I have had a hard time finding a history program that has enough teacher prep done for me, follows a Biblical chronology, and makes learning interesting and fun!  This year we are using Mystery of History, and we like it!  We are following the author’s suggestions to make timeline figures for our lessons, and we’ve loved the fun activity and game suggestions.

The littles have helped the big kids make some of the timeline figures.  The gold crosses symbolize the lineage of Christ.history coll


Saxon- (I don’t have any cute math pictures!  I’ll have to work on that!)

Picture Studies, Nature Studies, Composer Studies, Poet Studies

nature poet compose coll

If I had known how easy and fun these Charlotte Mason “goodies” really are, I would have done them a lot sooner!  For music, we listen.  For art, we look.  For nature, we observe.  For poetry, we read.  We don’t have “unit studies” planned.  We just enjoy.  We take some time each morning to do one of these along with our snack.  We listen to Mozart in the car and breakfast.  The children picked their favorite Robert Louis Stevenson poems to practice and read aloud to the family.  It is really easy!

preschool dots

The preschoolers at my house are working on counting, cutting, and tracing.  We are learning Bible stories.  We write our names.  The former teacher in me sometimes gets too focused on the letters and reading that I forget all of the important skills required to learn everything else.  We have been working on stopping everything to look and listen when Mom speaks.  There have been times where we had to spend a week learning exactly how to wash our hands, and we are still working on how to squeeze just a little toothpaste and not TOO MUCH!  😉  We practice speaking cheerfully.  We also read books and work puzzles and PLAY.  The littles are learning Bible verses this year, and you can read all about their memory verses and activities here.  We are also (very loosely) following Abeka’s K4 curriculum, and the littles love to bring their little workbooks and baskets to the table for school just like big brother and sister!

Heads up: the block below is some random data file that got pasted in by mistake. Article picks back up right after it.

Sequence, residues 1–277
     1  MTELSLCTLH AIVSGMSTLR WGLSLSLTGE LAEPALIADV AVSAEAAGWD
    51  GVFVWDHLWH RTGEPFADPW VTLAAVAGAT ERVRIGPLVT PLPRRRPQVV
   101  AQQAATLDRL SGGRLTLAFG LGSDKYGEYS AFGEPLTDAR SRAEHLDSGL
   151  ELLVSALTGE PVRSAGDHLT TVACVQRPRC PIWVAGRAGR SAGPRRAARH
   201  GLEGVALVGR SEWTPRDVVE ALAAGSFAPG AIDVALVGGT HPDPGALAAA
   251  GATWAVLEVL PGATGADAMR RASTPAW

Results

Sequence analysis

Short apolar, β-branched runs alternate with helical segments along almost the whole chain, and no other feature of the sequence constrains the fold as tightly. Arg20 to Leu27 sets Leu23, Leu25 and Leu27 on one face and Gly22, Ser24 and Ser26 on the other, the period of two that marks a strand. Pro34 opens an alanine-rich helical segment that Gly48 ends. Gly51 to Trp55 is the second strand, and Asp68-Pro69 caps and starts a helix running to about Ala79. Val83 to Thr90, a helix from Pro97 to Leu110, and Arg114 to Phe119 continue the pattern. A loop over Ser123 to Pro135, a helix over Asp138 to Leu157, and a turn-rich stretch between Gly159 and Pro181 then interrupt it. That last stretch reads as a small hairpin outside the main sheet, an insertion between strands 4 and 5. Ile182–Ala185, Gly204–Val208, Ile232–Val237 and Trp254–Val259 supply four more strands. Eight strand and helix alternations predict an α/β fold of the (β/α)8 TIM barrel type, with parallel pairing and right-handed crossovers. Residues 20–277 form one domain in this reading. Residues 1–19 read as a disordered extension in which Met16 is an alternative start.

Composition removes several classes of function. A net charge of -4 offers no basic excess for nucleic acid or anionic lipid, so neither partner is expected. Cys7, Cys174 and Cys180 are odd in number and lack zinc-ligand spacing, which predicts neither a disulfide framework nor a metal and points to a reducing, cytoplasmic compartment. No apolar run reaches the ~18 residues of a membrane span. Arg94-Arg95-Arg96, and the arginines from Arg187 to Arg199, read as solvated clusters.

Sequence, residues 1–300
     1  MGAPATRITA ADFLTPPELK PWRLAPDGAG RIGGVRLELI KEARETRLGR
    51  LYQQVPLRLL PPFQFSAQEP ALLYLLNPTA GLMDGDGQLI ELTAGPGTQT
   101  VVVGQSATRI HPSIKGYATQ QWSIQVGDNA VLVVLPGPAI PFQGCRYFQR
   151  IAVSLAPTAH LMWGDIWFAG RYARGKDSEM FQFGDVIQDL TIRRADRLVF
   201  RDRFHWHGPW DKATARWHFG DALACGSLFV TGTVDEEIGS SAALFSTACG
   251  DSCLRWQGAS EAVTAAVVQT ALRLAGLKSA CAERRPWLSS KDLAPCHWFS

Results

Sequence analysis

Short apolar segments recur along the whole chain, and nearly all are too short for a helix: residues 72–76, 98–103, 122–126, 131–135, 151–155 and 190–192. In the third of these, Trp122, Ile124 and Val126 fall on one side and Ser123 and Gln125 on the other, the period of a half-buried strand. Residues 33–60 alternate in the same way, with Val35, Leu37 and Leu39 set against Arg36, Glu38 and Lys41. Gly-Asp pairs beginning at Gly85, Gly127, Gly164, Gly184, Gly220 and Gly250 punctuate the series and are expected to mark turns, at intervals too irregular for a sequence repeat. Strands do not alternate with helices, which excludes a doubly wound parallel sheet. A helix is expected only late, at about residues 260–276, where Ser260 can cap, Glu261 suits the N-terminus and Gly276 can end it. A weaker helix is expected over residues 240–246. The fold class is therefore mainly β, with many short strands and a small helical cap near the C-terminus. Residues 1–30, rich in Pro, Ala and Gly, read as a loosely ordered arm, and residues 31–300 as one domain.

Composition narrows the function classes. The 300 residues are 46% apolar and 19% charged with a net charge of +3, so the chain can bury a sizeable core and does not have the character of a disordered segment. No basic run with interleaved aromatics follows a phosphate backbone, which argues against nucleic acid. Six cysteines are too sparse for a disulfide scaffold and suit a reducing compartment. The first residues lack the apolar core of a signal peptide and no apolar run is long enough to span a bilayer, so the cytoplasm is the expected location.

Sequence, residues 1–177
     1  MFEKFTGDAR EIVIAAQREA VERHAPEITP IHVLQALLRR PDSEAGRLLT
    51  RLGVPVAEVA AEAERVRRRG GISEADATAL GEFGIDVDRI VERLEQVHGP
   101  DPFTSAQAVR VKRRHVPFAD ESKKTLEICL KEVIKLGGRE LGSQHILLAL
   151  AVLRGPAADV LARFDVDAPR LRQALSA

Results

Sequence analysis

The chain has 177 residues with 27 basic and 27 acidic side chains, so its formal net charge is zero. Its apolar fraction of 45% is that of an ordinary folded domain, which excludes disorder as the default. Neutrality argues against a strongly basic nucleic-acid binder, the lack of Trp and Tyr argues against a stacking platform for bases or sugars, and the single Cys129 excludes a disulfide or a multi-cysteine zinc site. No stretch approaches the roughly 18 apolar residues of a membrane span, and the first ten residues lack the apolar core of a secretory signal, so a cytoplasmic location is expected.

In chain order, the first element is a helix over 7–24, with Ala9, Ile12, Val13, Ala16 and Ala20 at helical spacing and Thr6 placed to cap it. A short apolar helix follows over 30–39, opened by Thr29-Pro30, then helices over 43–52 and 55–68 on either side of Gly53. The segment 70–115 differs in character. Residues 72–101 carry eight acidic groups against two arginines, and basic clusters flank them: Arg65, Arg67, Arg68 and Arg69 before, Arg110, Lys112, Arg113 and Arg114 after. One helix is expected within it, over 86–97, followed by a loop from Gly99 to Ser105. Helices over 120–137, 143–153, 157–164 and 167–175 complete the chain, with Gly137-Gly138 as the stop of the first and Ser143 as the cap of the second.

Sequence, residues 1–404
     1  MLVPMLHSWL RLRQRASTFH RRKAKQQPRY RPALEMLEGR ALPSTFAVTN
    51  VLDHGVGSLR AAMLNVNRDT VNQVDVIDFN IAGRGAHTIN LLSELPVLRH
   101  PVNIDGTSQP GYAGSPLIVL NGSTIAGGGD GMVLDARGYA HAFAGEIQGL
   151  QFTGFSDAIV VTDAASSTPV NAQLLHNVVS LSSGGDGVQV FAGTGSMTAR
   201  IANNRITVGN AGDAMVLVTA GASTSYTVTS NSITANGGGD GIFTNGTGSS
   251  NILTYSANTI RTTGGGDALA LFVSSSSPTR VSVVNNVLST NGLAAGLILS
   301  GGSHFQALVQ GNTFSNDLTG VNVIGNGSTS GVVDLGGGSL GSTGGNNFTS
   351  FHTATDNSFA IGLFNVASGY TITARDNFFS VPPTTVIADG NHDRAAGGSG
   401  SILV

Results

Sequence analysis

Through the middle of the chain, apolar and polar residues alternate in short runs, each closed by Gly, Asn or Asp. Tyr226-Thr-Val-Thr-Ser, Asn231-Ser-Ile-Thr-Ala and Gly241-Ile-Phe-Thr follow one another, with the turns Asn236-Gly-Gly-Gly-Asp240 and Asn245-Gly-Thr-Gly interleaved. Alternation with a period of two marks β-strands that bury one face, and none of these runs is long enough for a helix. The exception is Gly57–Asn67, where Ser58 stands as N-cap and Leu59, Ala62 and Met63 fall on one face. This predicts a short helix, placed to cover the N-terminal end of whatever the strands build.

I want to incorporate more of Charlotte Mason’s methods into our school day, and I know that it will be a process.  I am taking little steps.  (You can read more about that here.)  I look at these “curriculum” choices and remember that they are only a third of my children’s education.  The atmosphere of my home and their training in good habits make up the remaining parts!   That’s refreshing and weighty all at the same time!  I know a strict follower of Charlotte Mason would not see my choices as “real” CM, and that’s okay with me. 😉  As I’ve said, my goal is Christian education!

The following are some CM components that I’m striving to include in our school day:

  • Perfect Execution:  I have always thought that you should give kids more than they are really able to do and expect them to try to reach the standard you’ve set.  However, Miss Mason suggests assigning them only what you know they can do perfectly and expecting perfection.  This helps children develop a habit of neat, complete, well-done work every time rather than partially completed or sloppy work.  (I just have to be consistent and follow through with making them redo anything less than perfection!)
  • Short Lessons:  As a former teacher, I thought a good math lessons should include at least 20 minutes of me teaching.  Ha!  I have found that short lessons work.  My kids are able to give me their full attention, and they remember what we’ve discussed much better than they did in a long lessons.  They can grasp a math concept in much less time than I once thought.  They don’t need to go over capital letters for 30 minutes.  A few minutes will do just fine.  😉
  • Varied Order of Lessons:  “The brain, or some portion of the brain, becomes exhausted when any given function has been exercised too long.  The child has been doing sums for some time, and is getting unaccountably stupid:  take away his slate and let him read history, and you find his wits fresh again.  Imagination, which has had no part in the sums, is called to play in the history lesson, and the child brings a lively unexhausted power to his new work.”  (Charlotte Mason, Home Education)  We try not to do two “sit down” and “quiet” and “tedious” subjects in a row.  For example, we might do copywork followed by a picture study followed by math followed by history.
  • Natural Consequences:  This is a hard one for me, but I think it works.  Giving my children natural consequences for their behavior instead of my usual consequences requires creativity!  Here are some examples we’ve used:  You “forgot” to brush your teeth during morning chores?  You have to brush your own teeth and your brother’s teeth for a few days.  Yep.  It worked.  You keep leaning your chair back on two legs?  You don’t get to use the chair and have to stand.  You finished your work early?  You get to play!  Do you have any ideas for me?  I’m trying.